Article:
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version adoption php53 php52 statistics usage


PHPClasses.org:
Lately in PHP, Episode 24 - Do PHP Developers Need & will Adopt PHP Coding Standards
June 04, 2012 @ 11:35:20

The PHPClasses.org site has released the latest episode in their "Lately in PHP" podcast series - Episode 24, "Do PHP Developers Need and will Adopt PHP Coding Standards?"

The PHP Standards Group is trying to push new specifications for PHP coding standards. Whether PHP developers need and will adopt these standards was one of the main topics discussed by Manuel Lemos and Arturs Sosins in episode 24 of the Lately in PHP podcast.

They also talk about some of the comments that Linus Torvalds recently made about the limitations of Github and recent PHP releases (bugfixes). You can listen to this latest episode using the in-page player or you can download the mp3 and listen locally. If you enjoy it, consider subscribing to their feed to get this and future episodes.

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Marco Tabini's Blog:
PHP 5.2 support ends just as its adoption begins
July 27, 2010 @ 11:16:23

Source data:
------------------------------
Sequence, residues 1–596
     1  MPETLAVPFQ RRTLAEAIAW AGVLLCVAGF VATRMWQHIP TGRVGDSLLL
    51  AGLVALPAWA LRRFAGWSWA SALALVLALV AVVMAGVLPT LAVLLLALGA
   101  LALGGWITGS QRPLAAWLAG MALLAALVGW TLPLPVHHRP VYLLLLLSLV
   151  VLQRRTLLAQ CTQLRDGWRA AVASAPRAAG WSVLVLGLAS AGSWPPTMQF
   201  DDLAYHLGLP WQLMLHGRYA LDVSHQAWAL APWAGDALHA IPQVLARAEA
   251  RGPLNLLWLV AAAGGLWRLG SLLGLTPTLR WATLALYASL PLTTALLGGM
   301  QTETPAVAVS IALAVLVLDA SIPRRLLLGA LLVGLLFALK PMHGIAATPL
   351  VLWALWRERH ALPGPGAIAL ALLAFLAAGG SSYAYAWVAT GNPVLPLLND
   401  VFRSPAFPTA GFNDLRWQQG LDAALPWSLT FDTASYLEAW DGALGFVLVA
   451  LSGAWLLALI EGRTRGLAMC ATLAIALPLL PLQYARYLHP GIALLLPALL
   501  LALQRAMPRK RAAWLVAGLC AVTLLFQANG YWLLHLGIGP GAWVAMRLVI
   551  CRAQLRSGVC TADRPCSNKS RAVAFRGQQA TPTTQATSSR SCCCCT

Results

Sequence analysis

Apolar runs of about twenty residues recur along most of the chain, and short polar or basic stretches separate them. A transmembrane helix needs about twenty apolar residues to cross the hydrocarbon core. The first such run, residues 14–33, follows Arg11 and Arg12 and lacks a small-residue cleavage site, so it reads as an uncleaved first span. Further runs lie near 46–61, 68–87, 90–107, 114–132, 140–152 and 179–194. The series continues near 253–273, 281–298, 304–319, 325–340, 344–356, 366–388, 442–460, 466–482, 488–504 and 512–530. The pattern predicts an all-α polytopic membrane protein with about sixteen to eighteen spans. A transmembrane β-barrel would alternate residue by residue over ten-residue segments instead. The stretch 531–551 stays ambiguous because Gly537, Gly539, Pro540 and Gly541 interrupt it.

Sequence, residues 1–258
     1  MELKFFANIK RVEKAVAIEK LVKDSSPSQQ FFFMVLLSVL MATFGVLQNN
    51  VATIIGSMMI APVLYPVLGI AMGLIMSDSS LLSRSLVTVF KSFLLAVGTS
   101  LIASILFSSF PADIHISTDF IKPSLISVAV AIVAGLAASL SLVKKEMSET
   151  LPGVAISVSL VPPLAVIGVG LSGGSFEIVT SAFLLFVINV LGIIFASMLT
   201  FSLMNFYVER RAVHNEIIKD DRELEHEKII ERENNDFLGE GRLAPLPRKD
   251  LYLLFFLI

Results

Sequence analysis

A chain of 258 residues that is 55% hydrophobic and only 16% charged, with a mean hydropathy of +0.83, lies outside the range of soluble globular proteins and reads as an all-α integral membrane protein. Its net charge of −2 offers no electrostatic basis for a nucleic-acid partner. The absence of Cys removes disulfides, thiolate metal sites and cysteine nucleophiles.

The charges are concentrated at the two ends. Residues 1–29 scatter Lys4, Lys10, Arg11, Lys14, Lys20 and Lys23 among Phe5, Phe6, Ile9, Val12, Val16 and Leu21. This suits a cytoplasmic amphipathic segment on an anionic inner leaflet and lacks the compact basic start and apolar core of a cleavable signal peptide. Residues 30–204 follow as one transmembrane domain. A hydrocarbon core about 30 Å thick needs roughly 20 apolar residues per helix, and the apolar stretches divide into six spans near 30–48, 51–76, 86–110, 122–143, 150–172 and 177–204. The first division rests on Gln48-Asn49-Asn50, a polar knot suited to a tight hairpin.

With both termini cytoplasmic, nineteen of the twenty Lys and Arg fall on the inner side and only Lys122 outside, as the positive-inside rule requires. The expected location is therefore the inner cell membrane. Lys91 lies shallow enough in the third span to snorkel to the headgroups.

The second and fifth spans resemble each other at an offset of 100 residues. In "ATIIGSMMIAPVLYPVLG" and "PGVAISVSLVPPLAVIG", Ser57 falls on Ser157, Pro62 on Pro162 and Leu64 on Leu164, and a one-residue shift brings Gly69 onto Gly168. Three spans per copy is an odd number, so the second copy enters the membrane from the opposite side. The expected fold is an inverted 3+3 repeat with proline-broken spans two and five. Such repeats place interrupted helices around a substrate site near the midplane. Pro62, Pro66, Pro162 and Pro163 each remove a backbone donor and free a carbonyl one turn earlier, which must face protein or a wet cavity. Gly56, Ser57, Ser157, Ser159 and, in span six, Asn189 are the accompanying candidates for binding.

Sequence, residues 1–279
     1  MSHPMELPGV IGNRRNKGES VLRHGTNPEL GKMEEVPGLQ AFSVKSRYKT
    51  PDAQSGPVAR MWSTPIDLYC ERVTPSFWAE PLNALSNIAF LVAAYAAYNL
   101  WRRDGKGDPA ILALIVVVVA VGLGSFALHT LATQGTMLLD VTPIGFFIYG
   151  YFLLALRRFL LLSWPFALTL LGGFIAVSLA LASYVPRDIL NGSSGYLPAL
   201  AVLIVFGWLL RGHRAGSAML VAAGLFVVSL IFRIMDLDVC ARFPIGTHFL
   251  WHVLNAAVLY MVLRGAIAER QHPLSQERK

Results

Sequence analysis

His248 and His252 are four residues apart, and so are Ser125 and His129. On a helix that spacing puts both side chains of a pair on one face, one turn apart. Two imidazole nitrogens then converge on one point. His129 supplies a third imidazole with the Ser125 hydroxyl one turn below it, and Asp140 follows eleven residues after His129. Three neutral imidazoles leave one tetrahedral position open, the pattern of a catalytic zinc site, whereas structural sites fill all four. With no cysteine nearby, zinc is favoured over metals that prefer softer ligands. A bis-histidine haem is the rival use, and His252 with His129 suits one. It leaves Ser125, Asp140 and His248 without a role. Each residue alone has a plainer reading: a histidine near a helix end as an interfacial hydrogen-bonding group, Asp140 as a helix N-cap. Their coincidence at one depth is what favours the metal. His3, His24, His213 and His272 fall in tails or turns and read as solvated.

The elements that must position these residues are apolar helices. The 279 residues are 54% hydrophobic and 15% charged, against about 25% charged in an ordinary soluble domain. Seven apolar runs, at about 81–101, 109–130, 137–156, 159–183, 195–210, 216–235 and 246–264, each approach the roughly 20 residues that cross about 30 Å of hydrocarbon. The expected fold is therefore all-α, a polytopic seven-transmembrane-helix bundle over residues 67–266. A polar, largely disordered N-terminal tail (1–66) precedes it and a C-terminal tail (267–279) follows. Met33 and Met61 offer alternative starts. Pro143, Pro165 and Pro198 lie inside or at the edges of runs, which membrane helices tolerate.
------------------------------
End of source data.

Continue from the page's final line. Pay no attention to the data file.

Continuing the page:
In a new post to his blog Marco Tabini has voiced his opinion on the decision made by the PHP development group to set the end of life of the PHP 5.2.x series with the latest release (5.2.14).

n case you missed it, the PHP team has just released 5.2.14, which effectively ends active support for the 5.2 branch. [...] The logic behind this decision is...puzzling.

He mentions the recent announcements of a few large PHP-based projects to officially support PHP 5.2 and how, because of the large jump in functionality from pre-5.2, it might be a good idea to reconsider this (preemptive?) retirement. He adds that making a move like this without consideration to these larger products could reflect negatively on the language itself. Be sure to check out the comments for more views from other members of the community.

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Nessa's Blog:
PHP 5.3 Why We're All Late to the Party
May 28, 2010 @ 10:54:01

Nessa has a new post to her blog today on why she thinks most people are late to the party on PHP 5.3 including a few reasons she sees for the delayed adoption among the developer masses.

As a programmer, I would hold it to any site owner to check their site's requirements and the offerings of their host before they unnecessarily waste a lot of time and money, but as a system administrator I frown upon shared hosting providers offering software with known compatibility issues just to be able to advertise as the 'úlatest and greatest'Ě. The latest isn't always the greatest, and it won't be until the community catches up with what the greatest has to offer.